- State Fire Marshal Issues Thanksgiving Fire Safety Tips
- Thanksgiving Safety Information from the NFPA
Thanksgiving #1 Day for Home Fires
There are more home fires on Thanksgiving Day than any other day of the year. Thanksgiving is a wonderful family holiday, but the day can be ruined with a cooking or candle fire, a burn injury or a carbon monoxide incident from long-term use of the oven. Every home should have working smoke and carbon monoxide (CO) alarms.
Thanksgiving Top Day for Cooking Fires
Not surprisingly, there were twice as many cooking fires as the next busiest day, December 25. Much of the day’s celebration is focusing on food and food preparation. A family centered holiday does not need to be ruined by fire by following these safety tips:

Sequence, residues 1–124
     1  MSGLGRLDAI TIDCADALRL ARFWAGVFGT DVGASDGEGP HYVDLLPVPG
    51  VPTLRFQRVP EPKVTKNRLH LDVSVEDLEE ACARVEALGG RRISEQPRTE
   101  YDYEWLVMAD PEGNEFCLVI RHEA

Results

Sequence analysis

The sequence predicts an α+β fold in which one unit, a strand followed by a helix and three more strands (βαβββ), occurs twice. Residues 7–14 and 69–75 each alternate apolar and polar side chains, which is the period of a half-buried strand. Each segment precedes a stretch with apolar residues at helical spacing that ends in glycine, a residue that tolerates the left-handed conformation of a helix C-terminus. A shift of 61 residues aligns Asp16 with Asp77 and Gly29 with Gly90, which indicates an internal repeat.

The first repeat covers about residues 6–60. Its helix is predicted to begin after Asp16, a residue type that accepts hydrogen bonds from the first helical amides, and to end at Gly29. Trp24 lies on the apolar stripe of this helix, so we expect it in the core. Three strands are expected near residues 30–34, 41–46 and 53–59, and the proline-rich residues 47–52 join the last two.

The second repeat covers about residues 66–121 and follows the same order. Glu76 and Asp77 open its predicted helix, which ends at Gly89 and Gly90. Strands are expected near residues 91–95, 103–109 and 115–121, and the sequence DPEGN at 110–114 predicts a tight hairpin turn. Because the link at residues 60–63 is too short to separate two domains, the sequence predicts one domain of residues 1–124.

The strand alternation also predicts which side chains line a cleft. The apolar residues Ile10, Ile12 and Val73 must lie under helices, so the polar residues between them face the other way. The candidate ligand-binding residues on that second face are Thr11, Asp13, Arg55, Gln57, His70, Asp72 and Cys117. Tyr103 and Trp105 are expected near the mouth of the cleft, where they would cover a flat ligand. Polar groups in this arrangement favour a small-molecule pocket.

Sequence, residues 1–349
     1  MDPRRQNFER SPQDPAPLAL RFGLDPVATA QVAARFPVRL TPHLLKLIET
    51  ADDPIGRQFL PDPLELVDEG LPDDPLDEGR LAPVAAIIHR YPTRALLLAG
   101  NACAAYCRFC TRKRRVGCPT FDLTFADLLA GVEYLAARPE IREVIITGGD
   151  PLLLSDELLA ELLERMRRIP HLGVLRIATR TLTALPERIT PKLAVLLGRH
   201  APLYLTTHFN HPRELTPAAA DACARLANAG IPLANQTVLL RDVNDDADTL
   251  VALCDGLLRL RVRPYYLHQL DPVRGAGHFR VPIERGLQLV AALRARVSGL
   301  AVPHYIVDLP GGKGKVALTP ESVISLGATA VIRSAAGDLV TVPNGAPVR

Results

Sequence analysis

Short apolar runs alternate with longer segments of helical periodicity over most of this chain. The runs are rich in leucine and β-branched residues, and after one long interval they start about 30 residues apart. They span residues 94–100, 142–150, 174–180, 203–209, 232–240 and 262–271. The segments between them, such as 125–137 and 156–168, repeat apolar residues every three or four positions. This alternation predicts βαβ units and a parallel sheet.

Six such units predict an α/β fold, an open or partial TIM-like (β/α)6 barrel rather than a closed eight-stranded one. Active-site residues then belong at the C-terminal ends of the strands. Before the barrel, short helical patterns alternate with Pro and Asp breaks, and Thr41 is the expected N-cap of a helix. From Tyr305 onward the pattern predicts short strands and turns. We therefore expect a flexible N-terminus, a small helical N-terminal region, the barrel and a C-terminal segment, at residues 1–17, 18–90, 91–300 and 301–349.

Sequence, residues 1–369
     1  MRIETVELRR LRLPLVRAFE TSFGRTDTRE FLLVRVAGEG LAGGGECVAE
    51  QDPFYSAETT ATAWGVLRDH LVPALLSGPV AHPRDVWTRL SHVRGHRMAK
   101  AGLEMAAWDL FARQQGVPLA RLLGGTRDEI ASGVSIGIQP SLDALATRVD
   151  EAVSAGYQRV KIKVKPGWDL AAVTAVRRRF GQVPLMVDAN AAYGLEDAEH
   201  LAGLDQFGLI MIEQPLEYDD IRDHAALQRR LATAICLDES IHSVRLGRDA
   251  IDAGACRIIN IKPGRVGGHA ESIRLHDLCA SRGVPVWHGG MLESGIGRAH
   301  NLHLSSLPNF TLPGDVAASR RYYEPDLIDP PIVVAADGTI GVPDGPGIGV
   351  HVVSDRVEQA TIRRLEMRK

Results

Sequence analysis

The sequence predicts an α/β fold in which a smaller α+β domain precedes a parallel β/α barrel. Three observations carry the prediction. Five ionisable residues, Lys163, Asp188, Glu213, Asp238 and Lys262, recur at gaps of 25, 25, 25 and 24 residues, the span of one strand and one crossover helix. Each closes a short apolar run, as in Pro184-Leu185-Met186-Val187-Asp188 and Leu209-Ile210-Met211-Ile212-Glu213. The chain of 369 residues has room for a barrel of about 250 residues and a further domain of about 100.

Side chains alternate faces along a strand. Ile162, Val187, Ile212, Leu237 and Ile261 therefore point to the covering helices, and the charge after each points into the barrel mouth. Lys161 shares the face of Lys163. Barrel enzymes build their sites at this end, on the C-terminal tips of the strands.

• Remember to “stand by your pan" and stay in the kitchen when boiling, frying or broiling.
• Use a timer when baking or roasting and never leave the house with the oven running.
• The best way to respond to a stovetop fire is to “put a lid on it” and turn off the heat.
• The best way to respond to an oven or broiler fire is to keep the doors closed and turn off the heat
• Wear short or tight fitting sleeves when cooking. Loose fitting clothing can easily catch fire.
• Create a 3-foot “child-free zone” around the stove.
• Keep combustible objects such as pot holders, towels, paper or plastic bags away from heating elements.
• Burn candles inside a 1-foot circle of safety free of anything that can burn.
• Keep matches and lighters out of the reach of children.
• Let guests know the safest ways to exit in case of an emergency.
• Make sure all smoke and CO alarms are working prior to the holiday.